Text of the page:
Foraging on the bike path

Every time I’m biking from my house in Northampton to campus and back along the bike path my eyes can’t help but wander into the woods on either side looking for edible plants. It’s slightly scary when the big frost heaves come up surprisingly fast, but all that looking has been fruitful! I finally went for a ride with the sole purpose of foraging, so I was prepared with bags and did not have all my books, and came back with many different plants.

The first, and most plentiful, plant along the bike path is garlic mustard. It borders the entire 10 mile stretch from Northampton to Amherst on both sides of the path. Garlic mustard is a very aggressive non-native plant that usually takes over the woods so eat away!

Garlic mustard in abundance, as always

Mixed in with the garlic mustard in this section is lots of stinging nettle. Although some people I know bravely harvest it without gloves, I biked that day with my  oven mitt – got to look stylish while foraging!

Garlic mustard and stinging nettle hanging out

In the shadier sections where garlic mustard is not hogging all the space, there are patches of violets. The leaves and flowers are edible. Be sure not to take too much, however, because violets are not as bountiful. And other people want to see the pretty purple flowers too!

Violets

The plant I had seen along the path and was most excited to try was japanese knotweed. This is another one considered an invasive species and so people will be happy if you eat it.

Lots of japanese knotweed, too big for eating

There were stalks of many different sizes, and lots still sprouting up. Japanese knotweed grows fast and the end of its edible season is approaching so hurry to your local colony!

Japanese knotweed at the best size for harvesting

I made a stir fry with all of my finds. I boiled the garlic mustard and stinging nettle for about 1 minute before stir frying. People said to boil the garlic mustard to tone down the overwhelming taste, but I don’t think it was necessary because I could barely taste garlic mustard. I peeled the outer skin of the Japanese knotweed, although I’m not sure it was necessary. I think I will try it next time without peeling because it was quite tedious. The Japanese knotweed provided an interesting tangy taste and then I mixed all of it with soy sauce and garlic. I will definitely make this again!

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Spring is here!

I finally got out to my friend’s house a few days ago, where there are lots of edibles growing. It was like an outside grocery store! She lives in Belchertown, surrounded by fields, streams, and woods ideal for spring plants. In about an hour we harvested 9 different types of edible plants: dandelion, plantain, cleavers, wintercress, burdock root, wild onion, violet, and stinging nettle. Here is a picture of a small sample of all the goods:

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The most exciting was when the field I was standing in, of what I thought was grass, turned out to be wild onion! We used a digger tool (pictured below) to uproot the entire plant, which grows from a bulb about a 1/2 inch in size – although I think they will get bigger in the next few weeks. The smell (and taste!) as you pull it up is incredible.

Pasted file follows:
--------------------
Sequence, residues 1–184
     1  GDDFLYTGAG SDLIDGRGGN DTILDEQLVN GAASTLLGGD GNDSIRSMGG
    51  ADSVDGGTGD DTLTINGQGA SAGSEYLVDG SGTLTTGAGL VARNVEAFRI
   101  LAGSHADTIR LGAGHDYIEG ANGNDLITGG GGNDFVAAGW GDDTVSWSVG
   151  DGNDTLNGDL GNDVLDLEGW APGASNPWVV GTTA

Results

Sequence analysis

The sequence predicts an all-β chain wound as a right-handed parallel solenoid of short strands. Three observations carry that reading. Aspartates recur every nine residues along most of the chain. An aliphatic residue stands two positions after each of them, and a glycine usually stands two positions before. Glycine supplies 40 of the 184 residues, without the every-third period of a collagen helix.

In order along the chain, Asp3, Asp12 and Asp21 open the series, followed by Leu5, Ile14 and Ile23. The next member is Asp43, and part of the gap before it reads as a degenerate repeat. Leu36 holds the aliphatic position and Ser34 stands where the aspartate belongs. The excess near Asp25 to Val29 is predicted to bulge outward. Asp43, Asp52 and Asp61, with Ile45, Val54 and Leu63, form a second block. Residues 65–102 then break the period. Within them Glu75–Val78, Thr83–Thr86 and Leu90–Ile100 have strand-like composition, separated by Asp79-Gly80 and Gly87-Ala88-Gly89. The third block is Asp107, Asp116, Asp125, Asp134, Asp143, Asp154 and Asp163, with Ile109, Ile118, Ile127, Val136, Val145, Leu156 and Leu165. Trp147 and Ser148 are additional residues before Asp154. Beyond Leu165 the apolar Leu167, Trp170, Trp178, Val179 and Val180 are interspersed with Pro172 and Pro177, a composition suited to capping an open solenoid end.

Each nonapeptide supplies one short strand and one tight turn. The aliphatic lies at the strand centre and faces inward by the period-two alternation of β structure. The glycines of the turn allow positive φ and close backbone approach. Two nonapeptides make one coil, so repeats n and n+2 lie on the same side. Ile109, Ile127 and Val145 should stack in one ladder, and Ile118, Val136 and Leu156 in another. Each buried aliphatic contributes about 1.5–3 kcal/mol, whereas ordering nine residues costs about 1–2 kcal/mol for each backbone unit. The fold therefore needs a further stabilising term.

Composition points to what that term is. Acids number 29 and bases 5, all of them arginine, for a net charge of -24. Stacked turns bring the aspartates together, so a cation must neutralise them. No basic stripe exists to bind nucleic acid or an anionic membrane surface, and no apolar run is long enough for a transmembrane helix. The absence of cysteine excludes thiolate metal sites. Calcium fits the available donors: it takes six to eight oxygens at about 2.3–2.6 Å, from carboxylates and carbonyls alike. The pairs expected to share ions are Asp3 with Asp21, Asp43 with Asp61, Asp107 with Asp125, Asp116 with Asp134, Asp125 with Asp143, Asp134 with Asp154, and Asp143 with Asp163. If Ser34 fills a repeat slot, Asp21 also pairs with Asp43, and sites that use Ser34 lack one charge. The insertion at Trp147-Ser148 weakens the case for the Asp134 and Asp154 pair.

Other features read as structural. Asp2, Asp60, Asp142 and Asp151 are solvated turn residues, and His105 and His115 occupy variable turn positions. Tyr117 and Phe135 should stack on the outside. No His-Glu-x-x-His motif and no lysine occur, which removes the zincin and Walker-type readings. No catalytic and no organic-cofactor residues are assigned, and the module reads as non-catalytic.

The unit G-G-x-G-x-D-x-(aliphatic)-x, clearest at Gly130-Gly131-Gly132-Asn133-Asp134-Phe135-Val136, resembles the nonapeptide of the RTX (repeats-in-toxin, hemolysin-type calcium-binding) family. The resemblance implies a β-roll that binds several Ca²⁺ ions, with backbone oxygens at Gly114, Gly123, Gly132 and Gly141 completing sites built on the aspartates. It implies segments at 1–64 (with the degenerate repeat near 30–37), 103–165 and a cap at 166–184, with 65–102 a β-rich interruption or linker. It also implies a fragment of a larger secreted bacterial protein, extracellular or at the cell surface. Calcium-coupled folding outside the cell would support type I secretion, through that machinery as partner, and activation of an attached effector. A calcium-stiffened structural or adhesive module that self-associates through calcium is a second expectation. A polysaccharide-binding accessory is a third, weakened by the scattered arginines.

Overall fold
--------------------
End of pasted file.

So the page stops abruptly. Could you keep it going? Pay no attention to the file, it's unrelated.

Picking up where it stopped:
One important harvesting tip for stinging nettles (and any other plant similar in form) is to cut right above a node, where the stems branch off. This is because new growth is produced here and so it stimulates the plant to grow faster. My friend used her hands, but I personally probably would have used gloves! I, probably over cautiously, used an oven mitt when handling them at home.

Tonight I finally got around to cooking all of the food – my first meal of entirely foraged food (okay, aside from the couscous I ate it with). It was delicious and so, so satisfying!

First I scrubbed the burdock root and cut it into slices. I had read that you could either peel the skin or leave it on so I chose to leave it on because it promised to be more flavorful and I also hate wasting any food.

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Burdock root

I boiled them for about fifteen minutes, until a fork could easily poke through. I added the stinging nettles for the last few minutes.

While those were boiling, I washed all of the other plants. I peeled off the outer layer on the wild onions, just like any other onion, but a bit easier. Then I chopped up everything.

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Wild onion

In a frying pan with olive oil I sautéed the wild onion for a little, and then added the random assortment of other greens I hadn’t already eaten. After draining the burdock and nettles, I mixed them in to gain the onion flavor. At the very end I poured in just a little soy sauce, cumin, and black pepper. Then I put all of that on top of couscous and enjoyed!

The only thing I would change is to add the onion greens later than the bulb (I should have known this) because they were a little overdone. That, and I wish I made more!

The finished product